It’s certainly true of AGSs that students who don’t immediately grasp course ideas have to put in more time to earn the grade they want than students who do better with the material the first time around. Furthermore, it’s very true that students tend to have extracurricular demands on their time, though we wish we could pretend otherwise (and I think we should spend some time thinking about the equity implications here, and thus account for reassessment workload when we are planning classes).
Where I start to disagree with this student is that I don’t think work alone should equate to a passing grade. I suspect this student, like many others, has come to expect this because of the availability of partial credit in points-based systems: if you hand in all the work and do an okay job on most of it, then you will probably accrue enough points to eke out a C. But this is precisely the thing I’m fighting against; I want a passing grade in a course to be tied to the quality of a student’s demonstrated understanding, rather than the quantity of their work.
How, then, to address this critique with students? I think this is a particularly hard one, but ultimately I want to rely on a shared understanding of the purpose of education. I hope we can convince students that the purpose of taking a course is to gain understanding — which may take more time and more effort than you expect! — rather than to earn a grade.
I left this analysis feeling pretty hopeful about student perceptions of AGSs. In some sense, my results were unsurprising: if you had asked me to predict what students would say before I looked at these comments, I think I would have pretty much come up with this list. It seems like students generally saw the benefits that I hoped they would see, and the negatives they identified were both reasonably grounded in reality and mostly fixable by making improvements to the system.
I’d like to conclude with a few takeaways inspired by the themes I identified in this analysis. First, it’s worth discussing with students the benefits of AGSs. It seems like these messages really do land with students, especially after they experience the system through an entire semester. Personally, I wouldn’t spend a lot of time on this on day 1 — I find that the system and its benefits are more legible to students after they’ve been through a full submission-feedback-revision cycle — but it is a valuable use of class time.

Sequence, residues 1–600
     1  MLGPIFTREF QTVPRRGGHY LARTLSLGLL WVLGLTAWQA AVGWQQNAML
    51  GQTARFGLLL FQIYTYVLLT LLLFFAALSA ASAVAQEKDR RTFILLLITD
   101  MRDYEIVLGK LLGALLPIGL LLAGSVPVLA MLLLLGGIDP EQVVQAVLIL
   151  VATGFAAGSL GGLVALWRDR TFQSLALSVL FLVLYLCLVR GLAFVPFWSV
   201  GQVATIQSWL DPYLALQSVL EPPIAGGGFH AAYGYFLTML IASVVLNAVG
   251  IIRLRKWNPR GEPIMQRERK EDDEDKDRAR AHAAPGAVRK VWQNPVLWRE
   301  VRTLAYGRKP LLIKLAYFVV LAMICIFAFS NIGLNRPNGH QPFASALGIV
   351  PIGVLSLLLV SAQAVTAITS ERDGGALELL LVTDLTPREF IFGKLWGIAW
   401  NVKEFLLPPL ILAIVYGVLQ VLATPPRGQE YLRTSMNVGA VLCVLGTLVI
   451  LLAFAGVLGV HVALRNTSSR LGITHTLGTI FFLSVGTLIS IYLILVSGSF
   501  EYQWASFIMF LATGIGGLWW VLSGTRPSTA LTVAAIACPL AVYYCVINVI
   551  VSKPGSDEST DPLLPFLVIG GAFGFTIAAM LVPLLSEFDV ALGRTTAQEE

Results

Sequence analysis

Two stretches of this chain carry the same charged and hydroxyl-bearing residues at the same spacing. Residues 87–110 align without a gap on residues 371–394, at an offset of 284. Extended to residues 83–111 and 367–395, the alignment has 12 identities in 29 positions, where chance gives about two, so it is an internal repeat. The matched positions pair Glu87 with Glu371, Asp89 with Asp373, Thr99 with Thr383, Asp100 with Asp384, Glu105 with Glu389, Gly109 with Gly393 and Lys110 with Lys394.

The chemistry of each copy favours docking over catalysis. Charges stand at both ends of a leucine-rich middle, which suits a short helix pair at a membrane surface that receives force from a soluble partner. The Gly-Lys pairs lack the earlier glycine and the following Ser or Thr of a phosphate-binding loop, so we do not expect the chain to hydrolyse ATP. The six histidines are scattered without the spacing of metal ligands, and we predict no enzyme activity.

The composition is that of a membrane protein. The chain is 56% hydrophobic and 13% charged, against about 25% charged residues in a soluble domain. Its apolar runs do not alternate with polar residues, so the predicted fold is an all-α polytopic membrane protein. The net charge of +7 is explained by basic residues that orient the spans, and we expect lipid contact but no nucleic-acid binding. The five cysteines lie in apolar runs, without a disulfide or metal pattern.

Second, it’s important to build some kind of grade tracking tools to replace the ones that students have come to expect by default (e.g., the totals columns on Canvas). This is true whether you’re using, say, a standards-based system where a checklist of some kind is appropriate, or a collaborative grading system, where a grade tracking tool is perhaps more abstract and reflective.
Third, as Thoreau wrote, “simplify, simplify, simplify!” Robert and David say that a lot around here, and that’s because it’s vital. An AGS is always going to be different from what students are used to; so much the worse if it is also complicated. Find ways to reduce the amount of calculating students are tempted to do; make your grade tracking tools easy to use; scaffold revisions as much as possible. Your AGS should be transparent, in the sense that you can look clean through it to see the content on the other side.
Finally, think about the workload your reassessment or revision system will impose on students (and on yourself!). Especially if you are building a system that relies on revisions completed during homework time, consider scaling back on the number or length of homework sets you’ve given previously.
If you’ve been on the fence about implementing an AGS because you were worried about how students might respond, I hope this work helps you feel better about taking the leap!
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I don’t personally use this term because students are, definitionally, not qualified evaluators of pedagogy. Instead, I use the term “student course feedback” to emphasize the reasonable role that students can take in reflecting on their experience participating in the course.
This is an important way in which my results are not necessarily representative. If you are the only alt grader in your department, I suspect you may receive a different balance of feedback than I did.
I know there’s interesting stuff from students at my previous institution, but I couldn’t put my hands on that data so readily. File this under “future work,” lol.